The Pittsburgh Cocaine Seven: How a Ragtag Group of Fans Took the Fall for Major League Baseball by Aaron Skirboll (Chicago Review Press, 277 pg., $22.95). HB, 2010.

       It's a cliché but true nonetheless that the typical fan turns to sports for entertainment and a pleasurable escape from the headaches of "real" life. Fans don’t like it when the curtain is pulled aside and they are forced to admit the fact that the sports world is infected with some of the same problems afflicting the larger society: greed, corruption, dishonesty, drug use, etc. The steroids scandal in baseball is a prime example of what I am talking about; and I, for one, have had my fill of the subject and would have to force myself to read one more book about it. Not so with The Pittsburgh Cocaine Seven: How a Ragtag Group of Fans Took the Fall for Major League Baseball by Aaron Skirboll; a galling but fascinating account of an almost forgotten but important episode in the history of baseball scandals.
  Skirboll begins the book with a profile of the young man who became the original Pittsburgh Pirates mascot, the Parrot: a young man named Kevin Koch, whose last name is ironically pronounced "coke." It’s a good place to start because it was through Koch that most of the “ragtag group of fans” mentioned in the subtitle –average guys with normal jobs such as plumber or bar tender- were able to associate with and supply cocaine to Pirates players. Koch’s friends were essentially starry-eyed jock sniffers and recreational drug users. Far from being "pushers," they procured cocaine for players like Dale Berra and Rod Scurry as a means of maintaining their hangers-on status. They seldom sold the drugs to the players for a profit, and, in fact, were often stiffed by the players who operated under the premise that they were special people entitled to all manner of freebies, including illegal drugs. Two of the other members of the ragtag group, introduced in subsequent chapters, Shelby Greer and Curtis Strong, more reasonably fit the definition of drug pusher and got through to the players on their own (Greer introduced himself to Dave Parker on an airplane flight).
  After Skirboll delineates how these small-time users and suppliers/pushers got to the players, he follows the decline of Scurry, whose well-publicized battles with cocaine launched the F.B.I. investigation which eventually led to the Pittsburgh drug trial, the prosecution of Curtis Strong. The trial is the climax of the book and “can’t put down” reading in the hands of Skirboll. Strong, we learn, shouldn’t even have gone to trial. He would have done much better to take a plea deal, as the other six did; but Strong’s attorney, a Johnny Cochrane-type legal firebrand named Adam Renfroe, was determined to put on a show (which he did) and get his client off the hook (which he did not). All seven of the ragtag group served jail time.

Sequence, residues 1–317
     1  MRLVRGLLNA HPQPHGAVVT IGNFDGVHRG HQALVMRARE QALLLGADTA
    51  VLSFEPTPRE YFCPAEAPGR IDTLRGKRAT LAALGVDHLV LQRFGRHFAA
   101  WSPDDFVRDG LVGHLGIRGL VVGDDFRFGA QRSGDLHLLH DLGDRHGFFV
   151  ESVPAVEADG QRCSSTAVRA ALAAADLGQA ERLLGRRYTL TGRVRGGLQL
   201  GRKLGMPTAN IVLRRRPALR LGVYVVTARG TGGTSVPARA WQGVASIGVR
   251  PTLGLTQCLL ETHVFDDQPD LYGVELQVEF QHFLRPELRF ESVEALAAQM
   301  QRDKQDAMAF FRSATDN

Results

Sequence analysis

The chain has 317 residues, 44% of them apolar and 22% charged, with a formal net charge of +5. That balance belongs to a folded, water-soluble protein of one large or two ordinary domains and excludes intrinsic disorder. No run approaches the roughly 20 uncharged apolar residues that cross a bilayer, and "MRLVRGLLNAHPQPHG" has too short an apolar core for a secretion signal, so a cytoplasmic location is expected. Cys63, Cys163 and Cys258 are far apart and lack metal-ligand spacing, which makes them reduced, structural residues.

The galling part of this story is what happened to the players. They were all given immunity in exchange for their testimony; an outcome that bewildered far more people than the scapegoats in the case. Even though Skirboll makes it clear, more than once, that such deals (immunity for users who testify against their providers and suppliers) are SOP, it is still a tough pill for the reader to swallow. 
  Even more amazing is the account of how Major League Baseball did its best not to confront or even acknowledge the problem of cocaine use (and the abuse of other less harmful drugs, such as amphetamines). The last thing MLB wanted was full public disclosure of what was going on. The prosecuting attorney told the jury in his opening statement that Curtis Strong, not baseball, was on trial; but Renfroe said just the opposite and did in fact put MLB on trial. The insistence of Pirates manager Chuck Tanner that he was completely oblivious to the drug use of his players was pathetically incredible, and the admission by several players that they had routinely participated in games while under the influence was shocking and iconoclastic. Former president of the Montreal Expos, John McHale, even avered that the team's cocaine use cost the Expos the 1982 Divisional pennant.
"Part IV: Aftermath" is the most head-shaking part of this cautionary tale, wherein Skirboll reviews MLB’s flimsy attempts to prevent similar scandals in the future. Commissioner Peter Ueberroth did sincerely want to clean up the game, but he was thwarted at every turn as much by the players’ union as he was by the owners, who were content to turn a blind eye again once the furor began to die down. Reading that baseball’s new drug enforcement policy consisted of mandatory drug testing for everyone in the game except major league players would be funny if it weren’t so cynical and absurd. And fans were not completely innocent either; at least not those who gave Keith Hernandez, the drug abuser who called his accusers liars, a standing ovation at his first game after his court appearance. The ultimate irony presented in The Pittsburgh Cocaine Seven is that the failure to deal with and learn anything from the drug abuse scandal of the mid-1980s made the even bigger and more damaging steroid scandal of the 1990s possible, perhaps even inevitable. Aaron Skirboll has written a fine book and done baseball a great service. Too bad its lessons will most likely resonate only with fans who still hold notions of right and wrong higher than the desire for power, money, celebrity, and instant gratification.

Reviewed by: Mike Shannon (August 14, 2010)